There are two ways in which we deal with people. I speak very generally here, of course. We can walk with them or we can confront them. Or to put in terms of our physical alignment with them, we can be “by their side” or we can be “face-to-face”. In life it is essential to know when to be in each position. To be walking with someone who should be confronted can be very harmful and vice versa.
The general way in which we conduct ourselves in reference to others is to walk with them. When we are talking to people, seeking their opinion, sharing our lives, providing them with services, we are walking with them. All kinds of things happen in the general concourse of life through people walking side by side. There is no confrontation. People are getting on with life and rubbing along with each other. And we trust, through such interactions, there is mutual benefit. I note in passing, that this is, of course, what the general flow of fellowship in church is like.
However, there are times when the relationship has to change. Something has happened to mean that there has to be a face to face engagement. This may simply be because there is an issue that has arisen that needs to be sorted out. The sensible thing to do in such an issue is to say to the party “we need to sort this out”. To fail to do this and ‘run for the hills’ at the first sign that something needs to be faced up to, has disastrous consequences. If issues are not dealt with, marriages start to crumble, churches start to become beset with unresolved issues, workplaces have all kinds of unresolved matters hanging around.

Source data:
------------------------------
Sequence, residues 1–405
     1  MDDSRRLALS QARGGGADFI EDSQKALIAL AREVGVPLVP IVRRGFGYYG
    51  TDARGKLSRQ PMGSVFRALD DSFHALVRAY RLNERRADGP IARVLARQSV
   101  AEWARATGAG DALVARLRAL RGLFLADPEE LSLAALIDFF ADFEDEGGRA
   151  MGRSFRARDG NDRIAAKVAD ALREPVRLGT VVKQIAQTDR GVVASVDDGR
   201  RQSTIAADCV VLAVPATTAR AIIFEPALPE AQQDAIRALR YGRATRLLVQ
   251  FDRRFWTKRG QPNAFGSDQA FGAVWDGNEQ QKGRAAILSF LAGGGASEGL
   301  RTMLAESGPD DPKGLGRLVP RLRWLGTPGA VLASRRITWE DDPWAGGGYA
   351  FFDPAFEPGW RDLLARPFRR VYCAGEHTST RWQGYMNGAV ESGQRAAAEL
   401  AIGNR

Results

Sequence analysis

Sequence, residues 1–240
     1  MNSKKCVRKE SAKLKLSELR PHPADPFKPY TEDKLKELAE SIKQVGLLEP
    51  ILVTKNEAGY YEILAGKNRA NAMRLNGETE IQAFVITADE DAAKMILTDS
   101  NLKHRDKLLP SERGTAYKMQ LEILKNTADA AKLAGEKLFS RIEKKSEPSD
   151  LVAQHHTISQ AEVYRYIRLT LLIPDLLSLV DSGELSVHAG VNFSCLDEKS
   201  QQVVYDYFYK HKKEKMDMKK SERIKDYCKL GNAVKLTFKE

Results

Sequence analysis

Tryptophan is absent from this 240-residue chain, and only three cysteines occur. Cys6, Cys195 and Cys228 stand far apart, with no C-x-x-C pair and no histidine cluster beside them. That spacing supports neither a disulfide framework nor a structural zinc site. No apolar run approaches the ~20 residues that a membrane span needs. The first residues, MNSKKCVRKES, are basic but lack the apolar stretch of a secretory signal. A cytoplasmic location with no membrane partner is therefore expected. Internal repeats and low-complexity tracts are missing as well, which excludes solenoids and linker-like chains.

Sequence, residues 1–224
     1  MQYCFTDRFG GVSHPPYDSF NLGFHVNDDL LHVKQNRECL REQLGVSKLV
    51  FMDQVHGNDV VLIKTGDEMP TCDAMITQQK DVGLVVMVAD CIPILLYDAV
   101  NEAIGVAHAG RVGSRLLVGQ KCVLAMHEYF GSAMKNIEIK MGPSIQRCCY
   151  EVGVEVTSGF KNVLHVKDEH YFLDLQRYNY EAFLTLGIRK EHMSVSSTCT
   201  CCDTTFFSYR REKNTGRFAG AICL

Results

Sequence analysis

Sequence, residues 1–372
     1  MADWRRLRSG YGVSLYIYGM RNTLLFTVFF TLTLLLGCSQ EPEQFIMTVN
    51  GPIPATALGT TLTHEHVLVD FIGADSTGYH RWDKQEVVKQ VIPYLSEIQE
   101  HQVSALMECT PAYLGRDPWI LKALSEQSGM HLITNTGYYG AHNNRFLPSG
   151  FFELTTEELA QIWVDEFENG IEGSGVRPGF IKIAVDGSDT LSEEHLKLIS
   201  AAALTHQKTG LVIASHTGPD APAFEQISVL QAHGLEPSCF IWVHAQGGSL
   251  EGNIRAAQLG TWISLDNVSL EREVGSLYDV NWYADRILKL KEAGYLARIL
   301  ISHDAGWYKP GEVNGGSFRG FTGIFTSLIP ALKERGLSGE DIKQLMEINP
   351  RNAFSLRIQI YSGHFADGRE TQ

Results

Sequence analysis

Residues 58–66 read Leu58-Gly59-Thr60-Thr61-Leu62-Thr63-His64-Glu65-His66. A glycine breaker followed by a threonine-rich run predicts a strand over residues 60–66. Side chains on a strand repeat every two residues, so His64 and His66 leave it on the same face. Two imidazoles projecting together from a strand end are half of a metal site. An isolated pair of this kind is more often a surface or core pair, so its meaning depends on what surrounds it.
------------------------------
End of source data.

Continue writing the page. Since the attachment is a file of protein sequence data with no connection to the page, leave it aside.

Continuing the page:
There are also times when someone needs to be rebuked. They need to be tackled about their behaviour. To fail to do so can encourage them in a bad way. This is particularly so in bringing up children. If children are not appropriately challenged about bad behaviour then all kinds of bad consequences can ensue. Face-to-face dealing is not a luxury, it is essential.
On the other hand we must note here that to be running to confront too regularly and too early can be disastrous for relationships and the general conviviality of life. Times of gentle mutually beneficial interaction can suddenly (and unnecessarily) become times of confrontation.